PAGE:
Leyla Mammadbeyova (1909-1989)

Leyla Alasgar qizi Mammadbeyova, born Leyla Zeynalova, was the first female pilot in the Caucusus, Southern Europe and Middle Eastern region, as well as being a flight instructor who trained many other pilots. Mammadbeyova was famous across her native Azerbaijan,…

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Once charged with killing Palestinian teen, two soldiers will likely walk free

Israeli soldiers shot 16-year-old Samir Awad eight times in the back, killing him. After a two-year delay, they were finally indicted. Now the prosecution has announced that it is dropping the charges against them.

Samir Awad is evacuated for medical treatment after being shot in the back of the neck by Israeli soldiers, January 13, 2013. (Nader Morar/B’Tselem). Awad later died from his wounds.

Samir Awad is evacuated for medical treatment after being shot in the back of the neck by Israeli soldiers, January 13, 2013. (Nader Morar/B’Tselem). Awad later died from his wounds.

Indictments against two former Israeli soldiers charged with killing an unarmed Palestinian teenager will be dropped, the state prosecutor announced Monday.


The two former soldiers, whose names are under gag order, had been charged for the “reckless and negligent use of a firearm” that killed 16-year-old Samir Awad near the village of Budrus in 2013. Awad was shot in the back eight times by soldiers who had been lying in ambush near a hole in Israel’s separation barrier. He was not armed, nor did he pose a threat to anyone. He was running away when he was killed.

The army claimed Awad was attempting to damage part of the separation barrier when the soldiers opened fire.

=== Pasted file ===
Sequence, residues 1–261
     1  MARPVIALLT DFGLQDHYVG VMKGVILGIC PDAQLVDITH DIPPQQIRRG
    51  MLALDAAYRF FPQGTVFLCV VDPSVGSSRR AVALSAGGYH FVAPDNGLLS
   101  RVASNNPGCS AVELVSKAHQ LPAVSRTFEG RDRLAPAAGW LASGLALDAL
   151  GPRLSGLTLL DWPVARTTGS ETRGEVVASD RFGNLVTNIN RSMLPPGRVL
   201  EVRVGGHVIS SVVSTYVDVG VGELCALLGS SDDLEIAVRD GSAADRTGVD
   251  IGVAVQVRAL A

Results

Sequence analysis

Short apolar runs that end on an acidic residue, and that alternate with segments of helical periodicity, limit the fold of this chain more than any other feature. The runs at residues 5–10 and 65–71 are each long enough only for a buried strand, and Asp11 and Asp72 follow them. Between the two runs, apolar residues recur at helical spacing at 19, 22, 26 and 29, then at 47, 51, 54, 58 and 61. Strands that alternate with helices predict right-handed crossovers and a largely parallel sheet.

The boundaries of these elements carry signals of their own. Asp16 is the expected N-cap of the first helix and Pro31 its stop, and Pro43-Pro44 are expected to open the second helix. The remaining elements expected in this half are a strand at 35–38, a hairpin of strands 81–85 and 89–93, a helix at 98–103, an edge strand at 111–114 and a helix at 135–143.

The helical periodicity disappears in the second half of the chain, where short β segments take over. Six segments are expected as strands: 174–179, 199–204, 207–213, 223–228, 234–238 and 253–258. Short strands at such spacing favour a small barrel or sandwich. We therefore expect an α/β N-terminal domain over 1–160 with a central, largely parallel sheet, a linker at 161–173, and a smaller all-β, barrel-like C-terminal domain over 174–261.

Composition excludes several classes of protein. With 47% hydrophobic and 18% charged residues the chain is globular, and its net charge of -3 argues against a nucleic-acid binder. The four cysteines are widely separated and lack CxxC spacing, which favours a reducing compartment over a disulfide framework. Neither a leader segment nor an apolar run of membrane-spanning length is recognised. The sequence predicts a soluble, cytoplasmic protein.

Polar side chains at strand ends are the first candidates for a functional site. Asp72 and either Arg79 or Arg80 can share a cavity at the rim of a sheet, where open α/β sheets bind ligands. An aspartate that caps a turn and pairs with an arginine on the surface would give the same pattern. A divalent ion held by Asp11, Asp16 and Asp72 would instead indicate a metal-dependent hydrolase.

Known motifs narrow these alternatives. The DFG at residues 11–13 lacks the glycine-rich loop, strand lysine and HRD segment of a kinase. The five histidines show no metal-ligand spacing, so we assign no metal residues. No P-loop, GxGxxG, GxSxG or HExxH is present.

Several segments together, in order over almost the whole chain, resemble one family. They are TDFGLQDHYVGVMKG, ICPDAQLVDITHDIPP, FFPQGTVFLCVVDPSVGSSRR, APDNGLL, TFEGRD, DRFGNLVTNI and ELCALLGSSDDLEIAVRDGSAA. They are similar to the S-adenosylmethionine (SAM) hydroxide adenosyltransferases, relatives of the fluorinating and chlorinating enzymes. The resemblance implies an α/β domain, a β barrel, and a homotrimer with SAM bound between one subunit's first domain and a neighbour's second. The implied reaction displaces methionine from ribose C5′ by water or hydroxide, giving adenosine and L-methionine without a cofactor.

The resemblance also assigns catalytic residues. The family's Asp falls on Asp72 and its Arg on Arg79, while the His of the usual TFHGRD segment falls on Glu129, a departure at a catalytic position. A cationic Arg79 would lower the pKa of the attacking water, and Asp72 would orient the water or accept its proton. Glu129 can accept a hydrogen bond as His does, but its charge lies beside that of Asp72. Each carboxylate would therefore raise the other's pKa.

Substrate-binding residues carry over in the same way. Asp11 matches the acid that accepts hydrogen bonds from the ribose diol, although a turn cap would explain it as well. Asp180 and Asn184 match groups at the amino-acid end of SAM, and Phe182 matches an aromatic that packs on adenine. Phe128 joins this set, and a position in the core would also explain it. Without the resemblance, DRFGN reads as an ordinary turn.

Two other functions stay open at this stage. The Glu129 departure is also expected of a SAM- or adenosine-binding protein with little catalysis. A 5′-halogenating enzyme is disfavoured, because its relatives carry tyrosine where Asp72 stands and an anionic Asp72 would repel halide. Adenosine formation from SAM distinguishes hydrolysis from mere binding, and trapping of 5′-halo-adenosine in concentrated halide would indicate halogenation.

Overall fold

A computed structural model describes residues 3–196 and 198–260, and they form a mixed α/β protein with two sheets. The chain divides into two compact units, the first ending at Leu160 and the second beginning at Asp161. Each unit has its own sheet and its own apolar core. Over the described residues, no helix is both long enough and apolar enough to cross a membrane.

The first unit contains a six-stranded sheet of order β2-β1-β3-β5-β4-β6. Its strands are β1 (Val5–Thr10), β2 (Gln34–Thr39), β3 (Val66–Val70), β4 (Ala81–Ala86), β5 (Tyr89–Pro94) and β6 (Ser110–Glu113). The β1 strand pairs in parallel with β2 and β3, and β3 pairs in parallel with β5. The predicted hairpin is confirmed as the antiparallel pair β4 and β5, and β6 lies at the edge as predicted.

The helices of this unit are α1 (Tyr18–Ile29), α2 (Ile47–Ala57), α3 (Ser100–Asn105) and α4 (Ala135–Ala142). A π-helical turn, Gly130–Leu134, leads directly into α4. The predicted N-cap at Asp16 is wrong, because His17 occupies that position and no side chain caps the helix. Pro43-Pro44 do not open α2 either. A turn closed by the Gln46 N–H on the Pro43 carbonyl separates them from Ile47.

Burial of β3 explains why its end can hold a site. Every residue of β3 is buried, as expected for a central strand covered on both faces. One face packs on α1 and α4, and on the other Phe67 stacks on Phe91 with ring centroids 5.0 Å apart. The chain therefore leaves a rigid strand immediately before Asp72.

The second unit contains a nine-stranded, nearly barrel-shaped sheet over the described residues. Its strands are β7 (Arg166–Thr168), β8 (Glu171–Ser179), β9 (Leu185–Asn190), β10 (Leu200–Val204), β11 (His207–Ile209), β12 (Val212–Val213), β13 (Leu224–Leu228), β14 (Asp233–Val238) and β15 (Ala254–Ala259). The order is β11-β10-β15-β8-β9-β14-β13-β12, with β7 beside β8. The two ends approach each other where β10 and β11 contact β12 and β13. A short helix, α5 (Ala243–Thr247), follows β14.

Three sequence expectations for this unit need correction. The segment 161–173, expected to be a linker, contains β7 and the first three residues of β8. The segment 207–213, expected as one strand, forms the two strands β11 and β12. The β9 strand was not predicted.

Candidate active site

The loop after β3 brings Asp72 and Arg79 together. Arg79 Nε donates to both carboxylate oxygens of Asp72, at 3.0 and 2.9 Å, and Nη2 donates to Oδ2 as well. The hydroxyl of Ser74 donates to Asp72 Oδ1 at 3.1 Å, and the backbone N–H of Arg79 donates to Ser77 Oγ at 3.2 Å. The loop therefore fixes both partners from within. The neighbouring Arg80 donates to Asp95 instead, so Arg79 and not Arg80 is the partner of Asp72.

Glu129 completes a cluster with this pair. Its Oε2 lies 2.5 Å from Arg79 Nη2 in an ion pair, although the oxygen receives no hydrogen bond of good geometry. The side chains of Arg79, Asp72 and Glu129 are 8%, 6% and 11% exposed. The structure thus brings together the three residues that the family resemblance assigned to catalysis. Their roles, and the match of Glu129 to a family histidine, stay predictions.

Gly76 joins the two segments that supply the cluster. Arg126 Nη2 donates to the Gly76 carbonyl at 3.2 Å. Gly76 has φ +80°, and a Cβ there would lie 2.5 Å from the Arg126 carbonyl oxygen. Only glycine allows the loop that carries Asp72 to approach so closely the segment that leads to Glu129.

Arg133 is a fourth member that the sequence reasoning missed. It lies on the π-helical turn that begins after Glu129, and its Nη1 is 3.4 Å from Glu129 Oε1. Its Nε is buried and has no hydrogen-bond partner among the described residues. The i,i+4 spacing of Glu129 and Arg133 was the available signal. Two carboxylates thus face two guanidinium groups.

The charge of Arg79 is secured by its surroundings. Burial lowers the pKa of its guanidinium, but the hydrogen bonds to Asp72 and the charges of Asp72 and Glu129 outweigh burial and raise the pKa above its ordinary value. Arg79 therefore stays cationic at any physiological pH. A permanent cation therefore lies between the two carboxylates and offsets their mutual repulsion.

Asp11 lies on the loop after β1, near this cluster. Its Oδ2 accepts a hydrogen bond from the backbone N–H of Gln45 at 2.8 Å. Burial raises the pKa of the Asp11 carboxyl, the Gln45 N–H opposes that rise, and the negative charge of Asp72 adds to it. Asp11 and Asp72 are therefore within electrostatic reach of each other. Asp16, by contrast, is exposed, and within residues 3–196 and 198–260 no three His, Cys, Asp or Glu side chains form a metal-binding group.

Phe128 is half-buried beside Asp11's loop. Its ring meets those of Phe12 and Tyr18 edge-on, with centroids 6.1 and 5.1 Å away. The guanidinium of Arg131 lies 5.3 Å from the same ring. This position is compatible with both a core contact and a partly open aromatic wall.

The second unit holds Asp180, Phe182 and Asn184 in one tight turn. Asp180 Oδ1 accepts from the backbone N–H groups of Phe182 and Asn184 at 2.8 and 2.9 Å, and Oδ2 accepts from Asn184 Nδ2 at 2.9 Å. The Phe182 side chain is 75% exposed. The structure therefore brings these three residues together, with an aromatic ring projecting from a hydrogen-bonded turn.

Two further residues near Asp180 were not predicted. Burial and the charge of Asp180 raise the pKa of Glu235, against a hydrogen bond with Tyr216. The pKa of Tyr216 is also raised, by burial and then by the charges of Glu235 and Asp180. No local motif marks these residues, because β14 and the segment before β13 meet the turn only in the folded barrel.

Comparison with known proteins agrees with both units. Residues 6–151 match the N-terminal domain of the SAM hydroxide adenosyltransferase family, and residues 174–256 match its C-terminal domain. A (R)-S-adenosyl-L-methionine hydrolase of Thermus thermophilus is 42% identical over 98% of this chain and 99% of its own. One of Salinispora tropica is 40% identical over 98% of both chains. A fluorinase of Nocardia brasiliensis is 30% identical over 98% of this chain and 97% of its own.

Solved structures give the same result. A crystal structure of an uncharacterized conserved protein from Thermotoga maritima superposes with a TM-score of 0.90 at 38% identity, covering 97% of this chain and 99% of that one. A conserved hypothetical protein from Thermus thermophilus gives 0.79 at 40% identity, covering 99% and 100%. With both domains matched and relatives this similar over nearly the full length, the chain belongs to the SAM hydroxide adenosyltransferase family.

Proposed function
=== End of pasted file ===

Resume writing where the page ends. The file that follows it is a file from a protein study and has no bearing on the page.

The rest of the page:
The case has been ongoing since 2015, when Israeli authorities — after a more than two-year delay — finally indicted the two soldiers.

Why, after three years of legal proceedings, did the prosecutor decide to drop the charges?

During a hearing in the Ramle Magistrate’s Court in early May, the prosecutor admitted the case against the soldiers had been “badly damaged.” The defense had argued that prosecuting the two soldiers for illegally killing Samir would constitute “selective enforcement” of the law. To prove their point, they demanded that the state reveal statistical data regarding criminal investigations and prosecutions of other soldiers who have killed Palestinians, as well as the case materials themselves. Israeli authorities did not want to provide those files, on which the outcome of the case likely depended.

Israel’s civilian and military justice systems rarely prosecute Israeli soldiers for killing Palestinian civilians. According to Israeli human rights group Yesh Din, between 2011 and 2016, just 3.4 percent of investigations into attacks on Palestinians opened by the army’s Criminal Investigation’s Department ended in indictments.

“The prosecutor’s announcement of the cancellation of the indictments against the two soldiers involved in the killing of the youth Samir Awad constitutes another example of the impunity enjoyed by soldiers who wound Palestinians,” Yesh Din said in a statement issued in response.

“The bottom line is that the military system protects soldiers who violate the law and wound Palestinians, while leaving Palestinians defenseless,” the statement continued.

It took Israeli authorities more than two years to indict the soldiers who shot Samir — only after Ahmad Awad, Samir’s father, sued, with the help of Israeli human rights NGO B’Tselem, to force the Military Advocate General to either file an indictment or close the investigation.

By the time authorities finally reached a decision to prosecute, the two soldiers were no longer under the jurisdiction of the military justice system. They were being tried for a crime they committed during their military service by civilian prosecutors in a civilian court unequipped to adjudicate military matters. After the prosecution’s announcement, they will walk free.